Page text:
KKL Finland delegation at the accessible recreation area donated by them in the Naftali Mountains Forest.
(photo credit: DENNIS ZINN KKL-JNF)
The delegation, comprised of 16 KKL Finland members, took part in the festive tour that spanned the entire length of the country from the top of the Northern Galilee to the Arava in the south. The aim of the trip was to highlight a spectrum of KKL-JNF’s ecological activities, some of which were also sponsored by KKL Finland. Members of the Finish KKL delegation were also quick to point out at every turn that their mission also marks their country’s 100th year of Independence from Russia and Israel’s 70th anniversary of Independence.
The tour guide was Dave Hasenson, who is of Finnish descent, and often served as a translator for the group. He said that members of this particular KKL Finland group were all Christian supporters of Israel, who strongly believe in the Jewish right to the land of Israel.
For many, the highlight of the entire trip to Israel was the inauguration of the Yiftah Accessible Picnic and Recreation Area in the Naftali Mountains Forest near Tzfat in the Upper Galilee, which was funded by KKL Finland.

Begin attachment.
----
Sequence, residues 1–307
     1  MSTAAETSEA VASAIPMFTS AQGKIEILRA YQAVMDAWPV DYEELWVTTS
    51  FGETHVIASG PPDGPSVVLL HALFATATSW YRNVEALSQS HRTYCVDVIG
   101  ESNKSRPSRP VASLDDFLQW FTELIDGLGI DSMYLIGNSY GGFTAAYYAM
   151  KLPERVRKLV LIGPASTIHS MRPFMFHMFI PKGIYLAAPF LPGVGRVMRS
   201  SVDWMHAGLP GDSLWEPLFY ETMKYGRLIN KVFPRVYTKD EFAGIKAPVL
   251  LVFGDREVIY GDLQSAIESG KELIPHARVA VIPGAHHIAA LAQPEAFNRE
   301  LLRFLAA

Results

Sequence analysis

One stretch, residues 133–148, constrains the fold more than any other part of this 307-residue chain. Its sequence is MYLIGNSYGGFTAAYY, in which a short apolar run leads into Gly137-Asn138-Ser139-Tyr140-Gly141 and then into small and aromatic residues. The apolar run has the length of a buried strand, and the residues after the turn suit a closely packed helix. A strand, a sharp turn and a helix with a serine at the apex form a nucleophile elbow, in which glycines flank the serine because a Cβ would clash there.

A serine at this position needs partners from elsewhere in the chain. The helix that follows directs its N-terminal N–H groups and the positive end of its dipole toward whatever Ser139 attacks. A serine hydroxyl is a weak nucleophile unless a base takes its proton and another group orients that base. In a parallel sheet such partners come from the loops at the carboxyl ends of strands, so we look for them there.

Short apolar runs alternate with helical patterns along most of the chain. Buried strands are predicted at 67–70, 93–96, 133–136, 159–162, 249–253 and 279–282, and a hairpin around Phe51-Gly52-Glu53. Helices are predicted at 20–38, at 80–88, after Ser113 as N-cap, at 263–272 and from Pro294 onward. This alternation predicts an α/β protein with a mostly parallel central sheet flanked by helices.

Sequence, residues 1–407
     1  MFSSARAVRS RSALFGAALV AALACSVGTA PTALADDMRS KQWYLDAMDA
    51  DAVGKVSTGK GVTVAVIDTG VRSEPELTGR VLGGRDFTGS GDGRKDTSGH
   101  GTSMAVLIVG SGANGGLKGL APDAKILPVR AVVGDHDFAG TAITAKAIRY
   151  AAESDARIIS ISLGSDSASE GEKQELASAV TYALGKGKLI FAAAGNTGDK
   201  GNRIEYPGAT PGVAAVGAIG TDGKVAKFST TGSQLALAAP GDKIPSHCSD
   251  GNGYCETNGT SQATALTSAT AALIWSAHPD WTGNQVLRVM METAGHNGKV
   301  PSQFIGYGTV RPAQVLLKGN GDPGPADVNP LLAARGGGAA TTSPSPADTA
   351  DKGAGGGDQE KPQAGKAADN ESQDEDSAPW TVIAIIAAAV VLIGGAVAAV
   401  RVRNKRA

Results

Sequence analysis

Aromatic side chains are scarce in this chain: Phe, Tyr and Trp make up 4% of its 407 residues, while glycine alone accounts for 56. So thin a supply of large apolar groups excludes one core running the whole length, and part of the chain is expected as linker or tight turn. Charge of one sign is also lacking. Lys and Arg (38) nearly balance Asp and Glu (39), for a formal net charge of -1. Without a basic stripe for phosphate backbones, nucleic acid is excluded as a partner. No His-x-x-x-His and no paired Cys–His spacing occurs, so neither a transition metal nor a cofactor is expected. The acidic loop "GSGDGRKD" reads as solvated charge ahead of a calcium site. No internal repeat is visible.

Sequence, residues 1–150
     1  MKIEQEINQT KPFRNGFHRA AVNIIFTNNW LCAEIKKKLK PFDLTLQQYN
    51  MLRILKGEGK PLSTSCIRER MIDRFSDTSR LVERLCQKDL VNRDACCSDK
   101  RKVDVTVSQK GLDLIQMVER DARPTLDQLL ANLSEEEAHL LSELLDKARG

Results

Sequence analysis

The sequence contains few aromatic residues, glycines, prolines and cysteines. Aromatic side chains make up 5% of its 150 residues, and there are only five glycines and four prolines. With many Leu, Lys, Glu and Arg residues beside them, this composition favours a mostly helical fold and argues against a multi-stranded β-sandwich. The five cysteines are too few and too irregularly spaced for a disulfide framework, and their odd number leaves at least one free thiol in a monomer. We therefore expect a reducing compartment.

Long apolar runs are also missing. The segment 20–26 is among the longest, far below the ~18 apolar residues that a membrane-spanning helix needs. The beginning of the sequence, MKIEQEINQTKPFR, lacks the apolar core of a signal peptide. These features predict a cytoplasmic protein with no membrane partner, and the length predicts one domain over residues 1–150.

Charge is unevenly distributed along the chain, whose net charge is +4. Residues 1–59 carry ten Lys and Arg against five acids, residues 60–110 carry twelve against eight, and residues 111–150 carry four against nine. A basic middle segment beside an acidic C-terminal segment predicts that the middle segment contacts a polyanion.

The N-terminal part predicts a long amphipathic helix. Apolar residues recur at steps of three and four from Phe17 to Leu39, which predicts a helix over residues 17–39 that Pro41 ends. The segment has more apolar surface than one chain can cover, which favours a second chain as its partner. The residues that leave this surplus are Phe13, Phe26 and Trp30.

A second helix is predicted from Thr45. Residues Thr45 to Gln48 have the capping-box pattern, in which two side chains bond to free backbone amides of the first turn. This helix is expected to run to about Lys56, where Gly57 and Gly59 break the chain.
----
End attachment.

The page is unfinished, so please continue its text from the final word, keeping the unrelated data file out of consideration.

Waiting on site to meet the group was KKL-JNF Chief of Protocol Andy Michelson, who presided over the event. He told the guests that they were in one of the most beautiful places in northern Israel, and that their contribution had made it easier for everyone to come and visit the forest.
“I also must mention the fact that KKL Finland was already active in collecting money to plant trees in Israel 30 years before the establishment of the State. That sort of commitment exists only when people believe that the cause is just and right.”
Finish citizen and KKL Finland Board Member Samuel Weiner, who is currently a Ph.D. student of Middle Eastern History at Haifa University, also arrived for the event. He said that he was thrilled to be there together with other members of KKL Finland.
“Forests are dear to me as they are to most Finns. However, here in Israel, the forests are even more special because they were planted by hand. When one plants a tree, one is investing in the future for the benefit of the country and its children. May these projects be a great blessing for our two countries, Israel and Finland.”
Read more and see photos of the KKL Finland 100 Years mission